An Inspector General Report debunks a controversial Rolling Stone article about NATO’s former commander in Afghanistan.
General Stanley McChrystal. If the name sounds familiar, it should. McChrystal, a former Army commander in Iraq and a man with a long and distinguished career in the armed forces, was the top American and NATO general in Afghanistan for a year before he got canned last summer.
To the men and women serving under his command in both Iraq and Afghanistan, McChrystal was an admirable commander who knew his stuff. He is a friend and colleague of General David Petraeus, “the godfather” of counterinsurgency and the current commander of US/NATO forces in Afghanistan.
McChrystal also happens to be a solid supporter of counterinsurgency, the military doctrine that helped turn Iraq around from the abyss and is now being applied to villages and cities across the Taliban heartland. In fact, McChrystal is credited with being one of the participants in the publication of the infamous Counterinsurgency Field Manual (PDF), a document that revolutionized how the American military has fought conflict in the twenty-first century.
Unfortunately, McChrystal’s reputation was tarnished last summer, when a controversial Rolling Stone article entitled “The Runaway General” ran a damning profile of him and his staff.
The article is well known in the United States, namely because national media outlets gave the piece a lot of attention. The most disturbing aspects of the exposé were accounts of McChrystal and his assistants making disparaging and off the cuff remarks about senior White House officials. The national security advisor at the time, retired Marine Corps General James Jones, was depicted as a “clown” stuck in a Cold War time machine. McChrystal’s staff members didn’t have many good things to say about Vice President Joe Biden either, nor did they care much for the late Richard Holbrooke, the White House’s top civilian official for the Afghanistan-Pakistan region.
When all was said and done, the account landed McChrystal some face time with President Barack Obama, which led to his quick departure as the commanding general of the war. Technically, McChrystal resigned his position, but to anyone involved in American defense news and foreign policy, it was quite clear that the White House nudged him out for disorderly conduct.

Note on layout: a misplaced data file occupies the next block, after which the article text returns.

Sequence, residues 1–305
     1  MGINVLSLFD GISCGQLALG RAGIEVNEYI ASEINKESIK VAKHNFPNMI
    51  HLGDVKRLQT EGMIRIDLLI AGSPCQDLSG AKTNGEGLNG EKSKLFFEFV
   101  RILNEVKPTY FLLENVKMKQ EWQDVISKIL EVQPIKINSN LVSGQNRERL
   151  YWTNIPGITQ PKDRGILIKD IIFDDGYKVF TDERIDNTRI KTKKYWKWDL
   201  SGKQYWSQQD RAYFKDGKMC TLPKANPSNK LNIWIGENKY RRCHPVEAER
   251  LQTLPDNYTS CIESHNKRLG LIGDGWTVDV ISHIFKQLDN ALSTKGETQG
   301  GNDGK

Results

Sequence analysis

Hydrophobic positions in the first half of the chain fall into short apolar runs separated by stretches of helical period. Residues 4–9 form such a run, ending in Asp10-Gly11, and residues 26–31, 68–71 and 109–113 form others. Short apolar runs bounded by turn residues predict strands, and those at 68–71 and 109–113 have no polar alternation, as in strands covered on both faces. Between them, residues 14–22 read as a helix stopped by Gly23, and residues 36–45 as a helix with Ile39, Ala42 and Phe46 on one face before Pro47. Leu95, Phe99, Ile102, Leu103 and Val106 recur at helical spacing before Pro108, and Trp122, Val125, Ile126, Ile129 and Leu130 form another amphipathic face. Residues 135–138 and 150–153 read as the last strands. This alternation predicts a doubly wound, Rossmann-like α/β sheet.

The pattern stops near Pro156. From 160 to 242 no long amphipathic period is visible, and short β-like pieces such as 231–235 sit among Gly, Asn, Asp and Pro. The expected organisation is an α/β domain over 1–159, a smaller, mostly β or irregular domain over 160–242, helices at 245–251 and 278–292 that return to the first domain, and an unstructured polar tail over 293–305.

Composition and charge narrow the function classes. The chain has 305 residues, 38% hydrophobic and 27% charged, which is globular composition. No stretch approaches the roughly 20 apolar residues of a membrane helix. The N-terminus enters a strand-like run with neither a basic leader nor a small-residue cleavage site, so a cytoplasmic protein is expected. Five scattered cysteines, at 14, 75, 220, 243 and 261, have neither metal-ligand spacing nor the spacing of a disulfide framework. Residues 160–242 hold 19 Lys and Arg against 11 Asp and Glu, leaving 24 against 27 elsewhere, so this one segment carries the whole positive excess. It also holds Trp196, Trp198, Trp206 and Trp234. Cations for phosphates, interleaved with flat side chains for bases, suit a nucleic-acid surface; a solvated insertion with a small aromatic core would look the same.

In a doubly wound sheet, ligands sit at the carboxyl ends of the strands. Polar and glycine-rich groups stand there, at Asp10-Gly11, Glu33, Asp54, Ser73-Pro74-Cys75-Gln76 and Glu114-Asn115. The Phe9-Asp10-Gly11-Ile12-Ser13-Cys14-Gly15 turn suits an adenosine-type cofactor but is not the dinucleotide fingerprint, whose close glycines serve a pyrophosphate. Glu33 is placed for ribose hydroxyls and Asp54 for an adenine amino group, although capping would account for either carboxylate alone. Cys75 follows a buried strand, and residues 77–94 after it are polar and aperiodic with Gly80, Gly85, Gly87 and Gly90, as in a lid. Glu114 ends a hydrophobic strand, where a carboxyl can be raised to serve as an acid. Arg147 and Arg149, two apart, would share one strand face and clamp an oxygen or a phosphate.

The McChrystal brand has improved somewhat over the last year, to the point where he was tapped by the president to help lead a commission on how to improve health and psychological care for military families. But nothing come close to rebounding the general’s reputation than a recent Inspector General Report (PDF) on the incident, which all but exonerated McChrystal from wrongdoing. The review also labeled the Rolling Stone profile as a prime piece of inaccurate journalism.
There were countless remarks in the article attributed to McChrystal and his senior aides, and unfortunately, Rolling Stone editors presented the material in such a way that readers would assume that the entire American military command was composed of homophobic, disrespectful and drunken soldiers with guns. The article was suited more for a tabloid like Esquire than something you would expect to read in The New Yorker or The Washington Post. The military long suspected that writer Michael Hastings had a grudge against American war policy: he is indeed a vocal anti-war advocate. The problem was proving that Hastings had an ulterior motive.
Now, with the Inspector General’s office releasing its own version of events, McChrystal, his friends and associates, if not the entire United States military can breathe a sigh of relief.
With the report in the public domain, questions will inevitably come back to the White House as to whether President Obama prematurely dismissed his top general. But the issue is far more important than that. The Obama Administration will have to determine whether it tarnished a man’s career based on a single article with limited sources.